TWS 2023: Can bird-repellent lasers be more eye friendly?

Researchers are examining whether technology to reduce crop damage may be improved

Automated laser beams designed to be a nonlethal way to stop birds from damaging crops might be improved to reduce the chance of retinal damage. 

“Lasers are being promoted as one of the safer deterrents,” said TWS member Morgan Chaney, a PhD candidate at Purdue University, at a presentation at The Wildlife Society’s 2023 Annual Conference in Louisville. But it’s unclear how much birds’ eyes are expose to the lasers. Chaney is currently developing a model to better predict this, in order to determine ways to improve the safety of the devices. 

Bird damage on crops exceeds $4.7 billion annually, Chaney said. Much of this damage comes from nonnative species like European starlings (Sturnus vulgaris) that can reduce corn cobs to empty husks and damage the plants they grow from. 

To prevent crop damage, farmers have resorted to all kinds of methods in the past—from shiny reflecting tape, to sound canons and dangerous metal spikes. These lasers were developed as a relatively less harmful approach to unwanted bird foraging.

The principle of the method is that shining lasers—similar to handheld laser pointers—at the birds will scare them into flight. Some of these devices are automated, shooting out shining lasers from a fixed device. 

But these lasers may not be harmless—all lasers can cause damage to human eyes, burning retinas and causing permanent vision damage. The effect on bird eyes is less certain, but only highly powered lasers have been shown to cause damage on the eyes of wild birds. “We know that it causes damage in both humans and birds,” Chaney said. Birds may be even more sensitive to laser damage than humans—their eyes have four photoreceptors rather than the three that people have, but there hasn’t been much testing on wild birds to determine any possible effects. 

Laser devices have been used as nonlethal deterrent to prevent crop damage from birds like European starlings. Credit: Morgan Chaney

Chaney and her colleagues are studying how bird retinas respond to lasers by exposing European starlings to them under heavily controlled conditions. Controlling the time of exposure and the power of the laser, they examine the birds’ eyes under microscopes to search for signs of damage, such as corneal edema, cataracts and retinal atrophy.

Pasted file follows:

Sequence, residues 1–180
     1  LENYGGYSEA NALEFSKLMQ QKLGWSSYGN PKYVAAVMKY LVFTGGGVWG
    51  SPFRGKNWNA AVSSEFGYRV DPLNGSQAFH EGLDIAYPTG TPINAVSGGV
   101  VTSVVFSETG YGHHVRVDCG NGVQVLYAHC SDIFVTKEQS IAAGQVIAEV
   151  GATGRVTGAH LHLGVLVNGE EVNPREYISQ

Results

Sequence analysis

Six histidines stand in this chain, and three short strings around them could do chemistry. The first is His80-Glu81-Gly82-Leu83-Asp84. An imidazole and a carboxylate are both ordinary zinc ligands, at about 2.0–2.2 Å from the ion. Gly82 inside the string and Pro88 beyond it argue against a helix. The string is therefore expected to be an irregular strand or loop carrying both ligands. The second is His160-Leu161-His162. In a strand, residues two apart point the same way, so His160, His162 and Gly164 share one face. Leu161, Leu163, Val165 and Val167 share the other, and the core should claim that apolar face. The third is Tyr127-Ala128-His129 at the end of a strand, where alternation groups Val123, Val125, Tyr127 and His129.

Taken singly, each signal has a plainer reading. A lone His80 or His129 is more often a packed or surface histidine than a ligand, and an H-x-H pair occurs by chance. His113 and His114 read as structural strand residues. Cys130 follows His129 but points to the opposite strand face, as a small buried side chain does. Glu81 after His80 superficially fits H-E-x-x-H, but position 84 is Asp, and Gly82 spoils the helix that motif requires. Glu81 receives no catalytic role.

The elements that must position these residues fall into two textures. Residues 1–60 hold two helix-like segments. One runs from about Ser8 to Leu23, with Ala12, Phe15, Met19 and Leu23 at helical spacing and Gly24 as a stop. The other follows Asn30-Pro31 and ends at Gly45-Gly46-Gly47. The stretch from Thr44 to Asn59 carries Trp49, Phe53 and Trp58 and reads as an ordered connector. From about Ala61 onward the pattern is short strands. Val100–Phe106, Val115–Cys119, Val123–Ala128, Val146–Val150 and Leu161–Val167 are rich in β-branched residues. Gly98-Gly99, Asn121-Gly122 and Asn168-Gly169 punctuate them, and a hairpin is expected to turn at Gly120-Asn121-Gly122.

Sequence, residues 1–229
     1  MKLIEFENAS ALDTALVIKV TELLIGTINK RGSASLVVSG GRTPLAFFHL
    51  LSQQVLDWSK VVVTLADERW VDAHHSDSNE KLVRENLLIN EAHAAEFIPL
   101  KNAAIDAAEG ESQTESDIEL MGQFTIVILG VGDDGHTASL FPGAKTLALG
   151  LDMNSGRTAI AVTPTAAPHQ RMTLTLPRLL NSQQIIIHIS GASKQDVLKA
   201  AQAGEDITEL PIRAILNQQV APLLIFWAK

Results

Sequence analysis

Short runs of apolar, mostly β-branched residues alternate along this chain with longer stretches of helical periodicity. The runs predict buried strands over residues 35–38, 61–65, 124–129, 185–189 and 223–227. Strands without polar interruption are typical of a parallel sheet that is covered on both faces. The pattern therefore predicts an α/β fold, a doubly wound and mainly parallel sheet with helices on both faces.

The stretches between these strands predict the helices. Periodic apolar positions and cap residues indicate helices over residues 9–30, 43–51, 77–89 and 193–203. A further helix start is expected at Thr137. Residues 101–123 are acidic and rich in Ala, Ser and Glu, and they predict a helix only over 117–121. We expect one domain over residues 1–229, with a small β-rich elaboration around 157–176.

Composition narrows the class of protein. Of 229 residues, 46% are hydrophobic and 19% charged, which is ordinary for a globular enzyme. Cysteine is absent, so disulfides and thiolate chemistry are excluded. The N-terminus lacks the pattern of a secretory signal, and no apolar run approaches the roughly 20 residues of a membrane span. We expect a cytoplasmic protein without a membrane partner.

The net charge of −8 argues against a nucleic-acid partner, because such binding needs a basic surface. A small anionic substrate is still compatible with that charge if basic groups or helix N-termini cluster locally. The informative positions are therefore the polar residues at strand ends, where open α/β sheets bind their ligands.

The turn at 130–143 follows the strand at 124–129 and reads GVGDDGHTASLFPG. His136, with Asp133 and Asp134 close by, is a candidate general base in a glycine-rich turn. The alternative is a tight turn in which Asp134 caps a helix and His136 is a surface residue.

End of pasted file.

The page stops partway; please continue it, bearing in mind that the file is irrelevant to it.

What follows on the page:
In a second project, the team developed a model that could predict how much exposure birds’ eyes might get from lasers when the devices are at different distances or in different positions. 

To do this, the team created an artificial bird using a drone fitted with cameras. They glued a platform with two GoPro cameras pointed either way like a set of bird eyes on top of a quadcopter drone. They flew the device at a station between two laser pointers to see how long the laser might strike the lens in a series of tests. They then developed a model to predict laser exposure times in three different scenarios: when birds flew in the same direction the laser was traveling; when birds flew against the laser; and when the bird was stationary when the laser hit them. 

Researchers placed two GoPro cameras on top of a drone to mimic a bird’s eyes. Credit: Morgan Chaney

The researchers need information from the first project to be able to quantify the likelihood of eye damage depending on different positions and distances from the laser. Once they have those data, they can plug them into the model to predict the exposure time of wild birds in the field. All of this work will help them predict the likelihood of lasers hitting birds’ eyes and for how long, as well as the extent of damage that might occur.  

“Ultimately, we intend to determine what exposure times would be for a bird in the wild, so that we could use that information to make predictions about the potential dangers for avian eye safety more realistic,” Chaney said. 

Their findings are still preliminary, but so far Chaney said the model predicts that birds in the wild may experience eye damage at close distances and low laser speeds. “The probabilities of experiencing damage would go down beyond 30 meters away from the laser,” she said. 

The researchers hope to be able to inform safer ways of using these products. 

Header Image: Researchers created a novel set up to test how birds in the field might be struck by lasers. Credit: Morgan Chaney